Dreading another round of election exhaustion
OPINION: Running late for work last week, I rummaged through the freezer for some leftovers for lunch. I found some months-old gluggy pumpkin soup and the remains of a greyish beef stew. Not much of a choice. I really need to stop freezing leftovers solely because of waste-guilt.
I chucked the stew into my bag, wishing for the umpteenth time I was more organised. Maybe I could make it more appetising with a bit of grated cheese and chopped parsley? But I didn't have time for garnishes.
Ten minutes later, as I turned onto Saxton Rd, The Breeze's Breffni chirped that it was now "only 100 days to the election" and I realised that I felt as excited about the prospect of 100 days of electioneering as I did about my lumpy grey lunch.
I really wish that something more inspiring than the same old reheated promises and policies would emerge from our triennial political rigmarole.
When did maintaining New Zealand's democracy become such a tired and unattractive prospect? We're in for months of the kind of posturing, platitudes and positioning taking that afflicts politicians of all stripes in their culling season. It's boring, exhausting, disillusioning and often infuriating.
Sometimes, I think we're only a few steps behind the United States who last year elected Donald J Trump, the anti-politics president.
Ordinary Americans, it seems, got tired of empty rhetoric, promises it turned out could not be kept, and the antics of the established political elite.
The structure of the American electoral system and the naked venality of the Republicans, desperate to keep their grip on the nation's tiller, also helped Trump enter the White House. A risky strategy for the Republicans, given his erratic behaviour so far.
Following American politics at the moment is, I sometimes imagine, like watching the last stages of the fall of the Roman Empire. A long, drawn-out, agonising fall, involving unpredictable, hubristic emperors, infighting and corruption amongst the military and elite classes, the fall of the old gods and the rise of a new religion.
Rome split into shrinking eastern and western empires and, in the end, suffered from a lack of good men to hold things together. Finally, the Barbarian hordes moved in and the might of Rome sank into history.
It's not too big a stretch to imagine something similar happening to the US. The invaders will look and act differently but, like the Barbarians who delivered the coup de grace to Rome, they'll surely come riding in from northern continents.
Could New Zealand go the way of the USA? Here, we have a size advantage - it's good to be small.
Most New Zealanders are fewer than three degrees of separation from their politicians (do the exercise – you'll be surprised - I'm separated by only one degree from Bill English through my Southland relations) and this makes communities and politicians closely interlinked.
And we don't have any pretensions to the dangerous folly of "empire" unless you count Murray McCully's gift of pregnant sheep and a woolshed to a Saudi businessman as empire building. So I think New Zealand is safe-ish from a Trumpistic political fate, at least for the foreseeable future.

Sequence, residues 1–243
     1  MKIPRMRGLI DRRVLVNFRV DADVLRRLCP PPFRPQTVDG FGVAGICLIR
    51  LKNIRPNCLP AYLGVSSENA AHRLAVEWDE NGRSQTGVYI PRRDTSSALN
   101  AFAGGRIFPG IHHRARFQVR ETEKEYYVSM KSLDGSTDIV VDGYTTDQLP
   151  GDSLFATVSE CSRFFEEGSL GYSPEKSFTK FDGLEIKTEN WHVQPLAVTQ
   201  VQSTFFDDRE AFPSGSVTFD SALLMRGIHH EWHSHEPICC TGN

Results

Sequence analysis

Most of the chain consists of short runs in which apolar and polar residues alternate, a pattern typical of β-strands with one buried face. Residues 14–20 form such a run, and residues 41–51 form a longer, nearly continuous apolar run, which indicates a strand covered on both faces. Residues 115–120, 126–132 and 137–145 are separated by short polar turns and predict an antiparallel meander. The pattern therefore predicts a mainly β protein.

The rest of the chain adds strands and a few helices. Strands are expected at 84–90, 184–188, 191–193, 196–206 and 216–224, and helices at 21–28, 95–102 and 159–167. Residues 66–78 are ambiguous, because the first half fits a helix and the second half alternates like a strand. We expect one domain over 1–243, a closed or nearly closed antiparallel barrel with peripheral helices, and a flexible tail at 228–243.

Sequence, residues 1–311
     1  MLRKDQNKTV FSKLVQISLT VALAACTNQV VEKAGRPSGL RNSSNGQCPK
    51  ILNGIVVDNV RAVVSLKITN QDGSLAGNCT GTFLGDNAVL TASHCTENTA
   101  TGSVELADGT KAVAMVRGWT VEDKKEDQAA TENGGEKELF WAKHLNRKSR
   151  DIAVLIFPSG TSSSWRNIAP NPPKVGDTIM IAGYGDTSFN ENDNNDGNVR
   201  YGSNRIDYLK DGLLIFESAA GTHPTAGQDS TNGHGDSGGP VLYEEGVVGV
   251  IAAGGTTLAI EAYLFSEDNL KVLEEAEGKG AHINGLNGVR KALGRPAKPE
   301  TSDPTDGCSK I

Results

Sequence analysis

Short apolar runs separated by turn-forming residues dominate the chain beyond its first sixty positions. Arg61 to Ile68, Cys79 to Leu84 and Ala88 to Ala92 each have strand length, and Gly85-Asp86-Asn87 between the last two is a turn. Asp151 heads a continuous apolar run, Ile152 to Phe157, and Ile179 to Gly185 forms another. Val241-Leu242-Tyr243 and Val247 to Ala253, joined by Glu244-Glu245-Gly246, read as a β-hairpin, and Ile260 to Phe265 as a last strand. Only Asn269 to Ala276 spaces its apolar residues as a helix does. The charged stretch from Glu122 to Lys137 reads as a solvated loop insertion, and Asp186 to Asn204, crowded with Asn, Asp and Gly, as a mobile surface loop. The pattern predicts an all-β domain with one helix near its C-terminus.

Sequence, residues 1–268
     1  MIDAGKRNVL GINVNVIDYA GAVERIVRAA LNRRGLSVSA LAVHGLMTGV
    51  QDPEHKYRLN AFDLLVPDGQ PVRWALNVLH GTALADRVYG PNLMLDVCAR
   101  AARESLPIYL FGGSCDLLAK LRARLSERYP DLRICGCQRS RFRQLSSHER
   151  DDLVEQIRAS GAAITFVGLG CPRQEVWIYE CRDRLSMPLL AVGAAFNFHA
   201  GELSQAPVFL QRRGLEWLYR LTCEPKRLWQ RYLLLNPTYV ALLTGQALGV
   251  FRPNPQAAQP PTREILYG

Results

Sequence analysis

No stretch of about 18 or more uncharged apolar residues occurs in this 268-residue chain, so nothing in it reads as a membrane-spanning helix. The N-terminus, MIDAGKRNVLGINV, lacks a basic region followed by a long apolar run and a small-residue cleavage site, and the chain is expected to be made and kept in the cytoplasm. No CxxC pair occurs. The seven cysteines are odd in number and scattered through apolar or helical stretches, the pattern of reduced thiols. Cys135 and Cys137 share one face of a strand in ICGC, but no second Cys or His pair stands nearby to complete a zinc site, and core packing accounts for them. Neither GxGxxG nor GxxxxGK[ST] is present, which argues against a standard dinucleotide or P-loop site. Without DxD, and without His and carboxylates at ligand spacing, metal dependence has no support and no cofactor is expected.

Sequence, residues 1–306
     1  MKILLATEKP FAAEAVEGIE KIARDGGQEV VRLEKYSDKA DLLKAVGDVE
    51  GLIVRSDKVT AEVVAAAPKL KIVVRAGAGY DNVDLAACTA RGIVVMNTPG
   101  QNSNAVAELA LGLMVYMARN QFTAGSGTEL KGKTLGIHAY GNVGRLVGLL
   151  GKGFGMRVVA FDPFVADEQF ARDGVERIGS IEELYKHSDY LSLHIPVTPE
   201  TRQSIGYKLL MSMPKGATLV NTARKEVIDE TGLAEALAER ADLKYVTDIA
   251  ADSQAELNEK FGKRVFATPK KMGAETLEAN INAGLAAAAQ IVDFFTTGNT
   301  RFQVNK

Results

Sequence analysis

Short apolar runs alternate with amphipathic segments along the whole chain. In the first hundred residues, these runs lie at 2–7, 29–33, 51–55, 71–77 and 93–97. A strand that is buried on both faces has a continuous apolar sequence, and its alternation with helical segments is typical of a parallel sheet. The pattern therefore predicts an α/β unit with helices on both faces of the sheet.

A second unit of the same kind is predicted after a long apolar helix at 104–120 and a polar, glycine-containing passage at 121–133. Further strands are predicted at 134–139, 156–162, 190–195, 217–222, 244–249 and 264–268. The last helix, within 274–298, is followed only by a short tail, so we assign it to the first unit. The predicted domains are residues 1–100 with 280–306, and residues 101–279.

However, although too many disappointing electoral cycles have made me cynical, I still believe it's a citizen's duty to take part in democracy. I've always voted; I've delivered pamphlets for politicians in national and local elections and been to candidate meetings. At the very least, participation buys you the right to complain when the politicians get it wrong.
I'm confident that I, and many, many New Zealanders, would be more enthusiastic about elections if politicians would seriously address the tough issues we're facing. Firstly, growing inequality and its cruel results like child poverty, access to decent health, housing and education services and the embarrassingly large prison population, and secondly, the environment, specifically the toxic results of ill-planned and regulated land-use that are right now bubbling murkily up in our waterways.
And politicians must stop waving "the market" around as their backstop philosophy. There's ample evidence that "the market" does not and cannot deliver acceptable social or environmental outcomes.
Politicians never mention that successful market competition involves losers. When the "losers" include our children, the sick and our environment, we're looking at a failed philosophy. Leave the market where it works best: regulating supplies of pineapple lumps and luxury boats.
My plea is that we start dealing with the causes of our hard-basket issues and stop merely slapping cheap Band-Aids on the oozing, smelly wounds they're inflicting on society.
Politicians will need to prioritise the future wellbeing of New Zealand and work together in a time frame longer than the current electoral cycle.
They will need to take an entirely different approach to cost-benefit analysis for decision-making and rethink whether or not a mindless addiction to "economic growth" is the only possible path to a brighter future.
And sadly, these are big calls that I'm not confident our political leaders will make. I'm very much afraid that this election season more grey, freezer-burnt stew is coming our way.